Dairy Products and Sinus Infections – Is the Connection a Myth?

Winters in Chicago are legendary-on the top of low temperatures you get freezing wind gusts

Winters in Chicago are legendary-on the top of low temperatures you get freezing wind gusts and occasional slap in a face by a viscous snowstorm. So I was sure that my sinus infections were the outcome of living and working in the downtown of Windy City and maybe a little bit of bad luck or some strange genetic inclination to get sinus infection after every minor cold.

Doctors used to put me on different antibiotics, which constantly upset my stomach and made me feel even sicker and weaker. I felt miserable and seemed to have reached a dead end.

One day I’ve talked to my uncle, who is a scientist and researcher in Switzerland, and he told me my condition must have something to do with dairy products. It was more than a decade ago from now, so the idea that dairy products might cause sinus infection just blew my mind; it just was hard to believe. Didn’t our grandparents and great-grandparents drink milk and weren’t just fine… or were they?

I decided to give this idea a shot. After five days of no dairy products, I felt great. My congestion was relieved, but not completely gone. It took another week to see all symptoms of chronic congestion and sinus infection go away. Not a single pill swallowed!

So does this mean dairy products are actually not good for you? The answer is: It depends.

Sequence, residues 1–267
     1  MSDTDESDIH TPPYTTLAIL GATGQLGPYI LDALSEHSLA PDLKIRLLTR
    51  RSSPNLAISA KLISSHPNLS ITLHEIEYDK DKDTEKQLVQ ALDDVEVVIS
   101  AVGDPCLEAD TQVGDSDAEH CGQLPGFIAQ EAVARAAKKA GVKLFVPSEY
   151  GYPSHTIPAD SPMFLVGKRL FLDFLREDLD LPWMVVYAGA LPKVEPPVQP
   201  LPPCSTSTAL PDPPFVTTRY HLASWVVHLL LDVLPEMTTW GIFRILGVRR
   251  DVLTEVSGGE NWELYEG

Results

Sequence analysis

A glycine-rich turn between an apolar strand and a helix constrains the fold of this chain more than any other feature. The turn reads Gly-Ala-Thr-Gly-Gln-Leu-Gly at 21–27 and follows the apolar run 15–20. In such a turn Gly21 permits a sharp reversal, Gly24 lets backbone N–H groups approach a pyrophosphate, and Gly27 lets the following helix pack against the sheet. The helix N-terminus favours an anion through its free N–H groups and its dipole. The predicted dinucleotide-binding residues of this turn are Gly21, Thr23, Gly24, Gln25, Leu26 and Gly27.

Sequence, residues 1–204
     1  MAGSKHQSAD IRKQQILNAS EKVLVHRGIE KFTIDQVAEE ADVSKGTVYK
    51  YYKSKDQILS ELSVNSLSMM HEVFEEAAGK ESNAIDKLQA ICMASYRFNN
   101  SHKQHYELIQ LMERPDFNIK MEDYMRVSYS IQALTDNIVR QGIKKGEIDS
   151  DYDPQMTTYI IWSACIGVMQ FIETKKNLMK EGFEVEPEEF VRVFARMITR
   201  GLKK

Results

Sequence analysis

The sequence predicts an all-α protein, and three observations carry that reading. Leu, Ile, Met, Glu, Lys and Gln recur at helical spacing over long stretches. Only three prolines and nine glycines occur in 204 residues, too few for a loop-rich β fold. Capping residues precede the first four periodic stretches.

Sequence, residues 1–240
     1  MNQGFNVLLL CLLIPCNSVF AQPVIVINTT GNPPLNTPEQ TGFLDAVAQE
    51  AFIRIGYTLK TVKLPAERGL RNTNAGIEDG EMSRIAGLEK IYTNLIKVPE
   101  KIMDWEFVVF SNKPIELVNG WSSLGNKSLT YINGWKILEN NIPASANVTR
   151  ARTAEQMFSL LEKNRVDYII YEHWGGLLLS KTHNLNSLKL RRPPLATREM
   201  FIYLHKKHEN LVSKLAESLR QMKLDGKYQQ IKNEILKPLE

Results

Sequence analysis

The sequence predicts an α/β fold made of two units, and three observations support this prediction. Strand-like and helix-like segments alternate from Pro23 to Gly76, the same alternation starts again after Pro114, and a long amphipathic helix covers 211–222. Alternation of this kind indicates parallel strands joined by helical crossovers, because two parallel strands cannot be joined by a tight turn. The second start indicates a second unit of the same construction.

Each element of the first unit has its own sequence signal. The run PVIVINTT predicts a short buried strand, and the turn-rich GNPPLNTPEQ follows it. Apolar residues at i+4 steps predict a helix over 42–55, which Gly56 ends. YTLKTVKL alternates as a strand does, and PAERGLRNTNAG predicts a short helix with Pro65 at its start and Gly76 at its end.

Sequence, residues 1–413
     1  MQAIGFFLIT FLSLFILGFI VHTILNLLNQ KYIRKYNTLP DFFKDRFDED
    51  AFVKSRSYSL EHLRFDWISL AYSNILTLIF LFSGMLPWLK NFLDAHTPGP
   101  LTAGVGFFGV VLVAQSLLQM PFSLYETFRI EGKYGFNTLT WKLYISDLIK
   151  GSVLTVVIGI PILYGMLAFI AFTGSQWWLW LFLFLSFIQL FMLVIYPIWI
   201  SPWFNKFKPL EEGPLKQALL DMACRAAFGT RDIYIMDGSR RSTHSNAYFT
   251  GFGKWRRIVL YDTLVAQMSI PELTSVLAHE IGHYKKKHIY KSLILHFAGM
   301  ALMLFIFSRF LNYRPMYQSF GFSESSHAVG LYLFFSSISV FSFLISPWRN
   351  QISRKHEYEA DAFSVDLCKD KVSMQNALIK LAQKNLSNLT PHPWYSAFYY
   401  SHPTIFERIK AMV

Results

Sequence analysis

The ingredient to blame for chronic congestion and sinus infections is casein, present in all milk-based products. It encourages growth of Candida Albicans, a type of flora that tells your organism to produce nasal mucus.

Studies show that the largest amounts of casein are found in cheeses. Goat’s milk contains only trace amounts of allergenic casein and in general is easier to digest than cow’s milk. However, goat’s milk is not casein-free, as it is sometimes mistakenly suggested.

Of course, it is not easy to completely eliminate dairy products from your diet, especially that they are “hiding” in pastry, soups, ice cream and so many other things we can’t imagine our life without.

In most cases, if dairy products are, indeed, to blame for your sinus infections, cutting back on diary products, especially cheese, will produce a satisfactory result.

You should definitely experiment and find out which products have the most negative effect on your condition. Go a week without any dairy products and see if your sinus infection goes away. If it does, try adding something like a glass of milk if you like it, and anything else you would normally eat that contain dairy, but still avoid cheese.

If severe congestion returns, you have to make a decision whether you want to continue living with it, or eliminate most of dairy out of your diet. If not, gradually add some cheese and see how you feel. In most cases cheese is the biggest culprit and should trigger sinus infection or severe congestion.

And what about our ancestors, who supposedly consumed a lot of dairy and were OK? First of all, we do not know for sure whether they were OK, or they just assumed that many ailments were unavoidable part of life.

On the other hand, our great-grandparents were not bombarded by so many chemicals and pollutants as we are today, so maybe dairy did not trigger any allergies. In our case, we are swimming in pollution and man-made chemical-based materials, so you never know what could be a tipping point in making us sick.

And, by the way, we are the only mammals that continue to drink milk after they have been weaned.